Adapting stream barriers to remove invasive fish during their seasonal migrations
Project manager: Przemek Bajer
Funded by: Environment and Natural Resources Trust Fund as recommended by the Legislative-Citizen Commission on Minnesota Resources; Rice Creek Watershed District
This project seeks to develop a system to remove large numbers of invasive common carp during their spawning and seasonal migrations at existing barrier sites in streams in Minnesota. In order to take advantage of carps’ strong migration instincts in spring, this project will include a newly developed fish transport system and an electric fish guidance system. The electric barrier will be placed in a stream to guide fish toward a chute, at which time they will be channeled into the Whooshh System and removed.
The Whooshh System was originally developed to move salmon safely around barriers such as dams in the western U.S., and is now being adapted for removal of carp. Once carp enter the front chamber of the Whooshh system, they are pneumatically pushed through a flexible plastic tube and into a holding pen for removal.
This project includes installing and testing the electric fish guidance system, testing and adapting the existing Whooshh system to allow for removal of carp, and laboratory work to optimize both systems. Laboratory trials may also be conducted if a species-recognition software that is currently under development by Whooshh Systems is in place by spring 2018.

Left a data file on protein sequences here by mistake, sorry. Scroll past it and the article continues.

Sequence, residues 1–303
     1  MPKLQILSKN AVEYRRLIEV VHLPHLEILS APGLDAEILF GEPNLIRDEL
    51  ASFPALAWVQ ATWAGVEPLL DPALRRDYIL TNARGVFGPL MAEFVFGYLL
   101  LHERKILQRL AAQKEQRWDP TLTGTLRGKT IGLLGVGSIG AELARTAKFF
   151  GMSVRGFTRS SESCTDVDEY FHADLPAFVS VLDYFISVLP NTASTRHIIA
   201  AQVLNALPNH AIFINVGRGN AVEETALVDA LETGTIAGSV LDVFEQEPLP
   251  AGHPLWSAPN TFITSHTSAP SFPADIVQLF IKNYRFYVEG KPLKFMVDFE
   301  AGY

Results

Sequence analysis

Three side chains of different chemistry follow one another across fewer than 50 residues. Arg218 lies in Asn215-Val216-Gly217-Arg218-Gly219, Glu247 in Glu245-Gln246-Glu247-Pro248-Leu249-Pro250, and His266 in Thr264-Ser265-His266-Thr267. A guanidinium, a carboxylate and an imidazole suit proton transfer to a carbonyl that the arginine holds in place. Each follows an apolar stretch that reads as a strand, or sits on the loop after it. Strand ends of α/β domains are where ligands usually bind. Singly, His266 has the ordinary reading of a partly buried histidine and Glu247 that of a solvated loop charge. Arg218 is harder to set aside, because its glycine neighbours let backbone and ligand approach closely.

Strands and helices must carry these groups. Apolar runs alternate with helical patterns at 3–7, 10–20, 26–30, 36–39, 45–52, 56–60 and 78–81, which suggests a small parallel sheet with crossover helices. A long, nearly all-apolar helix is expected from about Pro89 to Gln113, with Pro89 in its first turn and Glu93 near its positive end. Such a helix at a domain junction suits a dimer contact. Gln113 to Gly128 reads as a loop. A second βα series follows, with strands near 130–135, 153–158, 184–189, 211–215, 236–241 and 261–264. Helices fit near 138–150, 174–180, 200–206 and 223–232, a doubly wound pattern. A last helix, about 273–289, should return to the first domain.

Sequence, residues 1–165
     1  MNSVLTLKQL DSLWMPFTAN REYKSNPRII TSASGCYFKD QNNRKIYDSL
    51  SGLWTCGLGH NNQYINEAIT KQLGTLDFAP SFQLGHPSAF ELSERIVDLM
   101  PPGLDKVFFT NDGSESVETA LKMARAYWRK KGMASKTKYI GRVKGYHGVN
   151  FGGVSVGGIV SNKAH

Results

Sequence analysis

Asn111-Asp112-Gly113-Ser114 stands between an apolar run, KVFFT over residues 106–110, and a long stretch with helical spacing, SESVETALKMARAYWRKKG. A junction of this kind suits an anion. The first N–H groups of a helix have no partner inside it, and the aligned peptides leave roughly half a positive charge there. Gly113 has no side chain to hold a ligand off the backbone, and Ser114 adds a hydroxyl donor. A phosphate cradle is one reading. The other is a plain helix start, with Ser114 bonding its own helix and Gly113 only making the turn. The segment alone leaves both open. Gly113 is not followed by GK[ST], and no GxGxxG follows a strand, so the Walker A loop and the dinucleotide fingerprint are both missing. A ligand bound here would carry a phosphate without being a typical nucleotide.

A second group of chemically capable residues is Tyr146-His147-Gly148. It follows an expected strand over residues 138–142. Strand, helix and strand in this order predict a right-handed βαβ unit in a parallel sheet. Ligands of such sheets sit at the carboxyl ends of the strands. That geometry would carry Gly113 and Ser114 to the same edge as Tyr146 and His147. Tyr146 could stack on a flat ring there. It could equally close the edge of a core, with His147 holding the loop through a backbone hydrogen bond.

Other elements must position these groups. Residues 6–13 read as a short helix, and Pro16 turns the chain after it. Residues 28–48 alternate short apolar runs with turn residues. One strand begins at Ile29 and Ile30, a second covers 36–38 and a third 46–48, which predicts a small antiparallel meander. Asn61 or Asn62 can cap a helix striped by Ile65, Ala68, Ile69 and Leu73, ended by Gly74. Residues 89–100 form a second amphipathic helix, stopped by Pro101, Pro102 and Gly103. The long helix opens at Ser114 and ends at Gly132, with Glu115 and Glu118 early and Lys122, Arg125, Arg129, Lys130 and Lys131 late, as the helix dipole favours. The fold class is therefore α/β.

Project start date: 2017
Estimated project end date: 2019
Progress and updates:
- Researchers successfully install electric fish guidance system to remove carp during spawning migrations (MAISRC newsletter)
- Sucking Unwanted Fish Out of Minnesota's Lakes and Rivers May Soon Be a Reality (MAISRC in the news)
Check out a video of researchers testing the electric guidance system below. This barrier, developed by Procom Systems, is unqiue because it is a very mild electric field to guide fish rather than stun them, and is portable so it can easily be modified to fit specific study sites. An electric barrier is used so water and debris can still flow freely. Thanks to Rice Creek Watershed District for the video!